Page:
Some obser­va­tions on the approach to val­u­a­tions, land tax claims and the actu­al use of land’

Some obser­va­tions on the approach to val­u­a­tions, land tax claims and the actu­al use of land’: Car­lewie Pty Ltd v Roads and Mar­itime Ser­vices [2017] NSWLEC 78

Why is Car­lewie important?

The Appli­cant ran some inter­est­ing argu­ments on val­u­a­tion approach­es in this mat­ter, and the Court has made it clear that sec­tion 56 of the Land Acqui­si­tion (Just Terms Com­pen­sa­tion) Act 1991 (JTC Act) envis­ages a sin­gle hypo­thet­i­cal trans­ac­tion, rather than com­pe­ti­tion between pur­chasers. The case also con­firms the approach to land tax claims. There is also some fur­ther com­men­tary on the con­cept of actu­al use of land’ which is made in the con­text of assess­ing whether an allowance for stamp duty can be granted.

The deci­sion

Car­lewie relat­ed to the acqui­si­tion of land for the con­struc­tion of the St Peters Inter­change sec­tion of West­con­nex’. The Appli­cant was the landown­er and the land was sub­ject to a num­ber of inter­ests, includ­ing a num­ber of leas­es. The val­u­a­tion of the land was also com­pli­cat­ed by a num­ber of fea­tures includ­ing her­itage mat­ters, con­t­a­m­i­na­tion issues, town plan­ning issues, a fire safe­ty order and costs asso­ci­at­ed with the replace­ment of the acquired land. Most of the land was leased at the date of acquisition. 

The Appli­cant said that it was in the posi­tion to advan­ta­geous­ly amal­ga­mate adja­cent parcels of land and that was an oppor­tu­ni­ty lost caused by the acqui­si­tion. The land bank’ char­ac­ter­i­sa­tion of the appli­can­t’s activ­i­ties was reject­ed by RMS

The Appli­cant adopt­ed a dif­fer­ent approach to val­u­a­tion and how to con­sid­er com­pet­ing expert opin­ions. The Appli­cant said that in any sale there will be more than one hypo­thet­i­cal pur­chas­er, and each will retain their own experts. A hypo­thet­i­cal pur­chas­er would receive advice sup­port­ing a high­er val­ue, so their offer, based on that advice, would beat” oth­er poten­tial pur­chas­er offers. On this basis, the Appli­cant said the Court should pro­ceed in the posi­tion that is most favourable to the Appli­cant. The Court reject­ed this argu­ment. It dis­re­gards the func­tion of expert evi­dence, dis­re­gards that a hypo­thet­i­cal pur­chas­er would be ful­ly informed, it would not be igno­rant of com­pet­ing advice. Sec­tion 56 of the JTC Act envis­ages a sin­gle hypo­thet­i­cal trans­ac­tion, it does not imag­ine com­pe­ti­tion between purchasers.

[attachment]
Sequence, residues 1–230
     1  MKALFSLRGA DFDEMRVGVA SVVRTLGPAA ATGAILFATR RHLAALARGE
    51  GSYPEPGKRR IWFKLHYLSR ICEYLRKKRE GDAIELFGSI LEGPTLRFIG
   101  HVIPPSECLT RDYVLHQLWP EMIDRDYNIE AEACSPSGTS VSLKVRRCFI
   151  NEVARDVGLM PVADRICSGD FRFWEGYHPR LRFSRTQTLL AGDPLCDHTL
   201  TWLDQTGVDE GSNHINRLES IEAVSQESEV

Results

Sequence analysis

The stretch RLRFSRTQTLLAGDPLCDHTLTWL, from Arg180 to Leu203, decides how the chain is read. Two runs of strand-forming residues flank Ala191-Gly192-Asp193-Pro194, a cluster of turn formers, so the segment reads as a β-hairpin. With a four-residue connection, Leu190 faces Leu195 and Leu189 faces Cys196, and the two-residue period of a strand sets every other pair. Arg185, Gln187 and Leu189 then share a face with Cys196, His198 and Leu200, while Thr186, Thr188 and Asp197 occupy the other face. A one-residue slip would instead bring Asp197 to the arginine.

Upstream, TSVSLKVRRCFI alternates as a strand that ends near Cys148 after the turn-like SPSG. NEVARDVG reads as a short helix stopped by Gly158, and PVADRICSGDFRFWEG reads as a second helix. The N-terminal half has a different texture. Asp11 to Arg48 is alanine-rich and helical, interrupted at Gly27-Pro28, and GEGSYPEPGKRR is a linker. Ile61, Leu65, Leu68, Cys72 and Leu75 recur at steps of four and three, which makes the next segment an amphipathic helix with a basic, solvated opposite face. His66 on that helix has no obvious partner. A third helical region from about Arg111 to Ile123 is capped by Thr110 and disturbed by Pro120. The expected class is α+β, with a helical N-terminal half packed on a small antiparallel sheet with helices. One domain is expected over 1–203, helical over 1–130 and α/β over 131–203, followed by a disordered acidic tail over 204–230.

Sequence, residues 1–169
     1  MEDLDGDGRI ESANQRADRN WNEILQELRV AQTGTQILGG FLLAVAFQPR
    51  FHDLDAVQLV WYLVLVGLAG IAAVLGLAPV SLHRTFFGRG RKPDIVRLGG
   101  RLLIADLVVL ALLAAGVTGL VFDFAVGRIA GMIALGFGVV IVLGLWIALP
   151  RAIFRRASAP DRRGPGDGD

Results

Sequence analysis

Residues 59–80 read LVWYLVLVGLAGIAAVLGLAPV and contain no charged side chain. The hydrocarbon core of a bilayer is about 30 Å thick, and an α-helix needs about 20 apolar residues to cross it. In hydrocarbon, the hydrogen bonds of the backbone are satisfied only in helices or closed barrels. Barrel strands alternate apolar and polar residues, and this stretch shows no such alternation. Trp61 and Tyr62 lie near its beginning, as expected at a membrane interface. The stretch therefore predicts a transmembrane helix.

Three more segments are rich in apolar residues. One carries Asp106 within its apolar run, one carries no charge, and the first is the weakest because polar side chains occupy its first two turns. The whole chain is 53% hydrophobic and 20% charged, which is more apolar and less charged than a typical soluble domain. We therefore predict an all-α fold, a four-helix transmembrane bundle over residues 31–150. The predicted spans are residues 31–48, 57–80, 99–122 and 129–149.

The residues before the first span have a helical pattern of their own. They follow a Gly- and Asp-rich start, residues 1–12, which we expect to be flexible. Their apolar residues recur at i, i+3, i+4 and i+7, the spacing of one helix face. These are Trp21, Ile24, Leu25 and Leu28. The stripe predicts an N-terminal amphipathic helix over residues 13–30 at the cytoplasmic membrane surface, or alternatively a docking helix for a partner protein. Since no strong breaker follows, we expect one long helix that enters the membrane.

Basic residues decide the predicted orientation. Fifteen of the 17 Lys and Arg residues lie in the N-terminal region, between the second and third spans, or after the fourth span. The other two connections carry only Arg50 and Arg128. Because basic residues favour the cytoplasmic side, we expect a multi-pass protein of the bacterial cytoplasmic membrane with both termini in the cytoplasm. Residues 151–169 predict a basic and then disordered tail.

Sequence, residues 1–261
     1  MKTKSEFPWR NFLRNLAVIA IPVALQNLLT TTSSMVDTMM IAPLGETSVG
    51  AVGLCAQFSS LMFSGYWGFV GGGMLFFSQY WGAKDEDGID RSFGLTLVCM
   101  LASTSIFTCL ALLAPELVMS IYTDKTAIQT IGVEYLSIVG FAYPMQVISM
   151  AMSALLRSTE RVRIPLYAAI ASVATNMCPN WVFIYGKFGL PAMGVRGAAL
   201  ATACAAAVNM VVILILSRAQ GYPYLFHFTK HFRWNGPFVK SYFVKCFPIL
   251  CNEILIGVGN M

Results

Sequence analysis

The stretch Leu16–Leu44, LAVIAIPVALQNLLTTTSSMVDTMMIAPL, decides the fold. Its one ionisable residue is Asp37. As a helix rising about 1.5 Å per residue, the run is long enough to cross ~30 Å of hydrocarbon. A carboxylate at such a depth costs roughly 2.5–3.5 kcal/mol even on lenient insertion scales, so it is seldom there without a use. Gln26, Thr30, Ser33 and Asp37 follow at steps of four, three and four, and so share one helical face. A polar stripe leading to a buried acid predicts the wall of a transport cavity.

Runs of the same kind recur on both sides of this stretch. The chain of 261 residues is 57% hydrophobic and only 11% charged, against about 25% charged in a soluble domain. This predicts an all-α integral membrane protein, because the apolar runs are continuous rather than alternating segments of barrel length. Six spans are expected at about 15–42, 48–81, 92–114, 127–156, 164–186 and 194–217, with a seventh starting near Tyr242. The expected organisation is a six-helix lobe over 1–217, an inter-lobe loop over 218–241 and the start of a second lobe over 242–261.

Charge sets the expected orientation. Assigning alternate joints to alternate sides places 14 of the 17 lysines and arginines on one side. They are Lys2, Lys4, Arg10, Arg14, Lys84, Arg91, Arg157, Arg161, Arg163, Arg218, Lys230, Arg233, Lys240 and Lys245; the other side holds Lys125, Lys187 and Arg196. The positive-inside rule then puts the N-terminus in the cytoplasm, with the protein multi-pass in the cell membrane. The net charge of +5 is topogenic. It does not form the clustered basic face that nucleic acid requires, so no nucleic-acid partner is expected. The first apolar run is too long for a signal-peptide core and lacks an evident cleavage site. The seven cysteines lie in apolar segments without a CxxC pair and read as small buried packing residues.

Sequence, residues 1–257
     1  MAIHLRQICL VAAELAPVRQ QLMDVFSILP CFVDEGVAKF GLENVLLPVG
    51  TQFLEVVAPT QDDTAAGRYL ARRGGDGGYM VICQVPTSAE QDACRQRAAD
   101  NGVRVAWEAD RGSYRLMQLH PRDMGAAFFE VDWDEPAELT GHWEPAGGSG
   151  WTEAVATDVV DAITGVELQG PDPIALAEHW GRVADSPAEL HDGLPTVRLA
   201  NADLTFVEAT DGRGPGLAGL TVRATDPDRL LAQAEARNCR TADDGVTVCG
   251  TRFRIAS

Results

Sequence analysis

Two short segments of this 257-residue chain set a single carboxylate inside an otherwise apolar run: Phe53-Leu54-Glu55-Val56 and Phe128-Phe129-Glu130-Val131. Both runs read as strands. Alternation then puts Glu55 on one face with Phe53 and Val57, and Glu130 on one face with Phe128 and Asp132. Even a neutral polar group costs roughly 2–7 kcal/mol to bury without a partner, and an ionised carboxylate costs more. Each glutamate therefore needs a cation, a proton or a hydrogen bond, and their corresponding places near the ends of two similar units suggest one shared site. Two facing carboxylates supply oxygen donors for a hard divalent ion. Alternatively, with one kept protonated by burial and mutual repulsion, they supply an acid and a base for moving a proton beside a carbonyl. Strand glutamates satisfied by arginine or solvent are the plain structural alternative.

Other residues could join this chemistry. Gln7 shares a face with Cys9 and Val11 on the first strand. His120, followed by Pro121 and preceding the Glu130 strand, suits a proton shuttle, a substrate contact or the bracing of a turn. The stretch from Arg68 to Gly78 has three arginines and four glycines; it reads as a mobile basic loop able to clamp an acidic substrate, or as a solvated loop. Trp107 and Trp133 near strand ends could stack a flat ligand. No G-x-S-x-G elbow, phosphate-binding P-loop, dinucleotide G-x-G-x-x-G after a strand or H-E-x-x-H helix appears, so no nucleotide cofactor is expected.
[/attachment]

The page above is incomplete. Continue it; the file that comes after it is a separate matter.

The Appli­can­t’s claim for land tax was reject­ed on the basis that there was no evi­dence in the pro­ceed­ings that pay­ing land tax is con­sis­tent prac­tice in the mar­ket with respect to indus­tri­al land. The adjust­ment for pur­chase price for land tax is some­thing that is usu­al­ly nego­ti­at­ed indi­vid­u­al­ly between the actu­al pur­chas­er and vendor.

On the issue of the actu­al use of land’, to qual­i­fy for a stamp duty allowance on the pur­chase of replace­ment land, the Court con­sid­ered cas­es on actu­al use where land bank­ing was demon­strat­ed, or where it was shown the own­er was not a pas­sive investor. The Court found that in this case there was noth­ing more than a vague and unstruc­tured pro­pos­al to devel­op the land, poten­tial future use was not an actu­al use. The actu­al use was under­tak­en by the ten­ants in this case, as there was no evi­dence that land was being held for rede­vel­op­ment or land bank­ing later.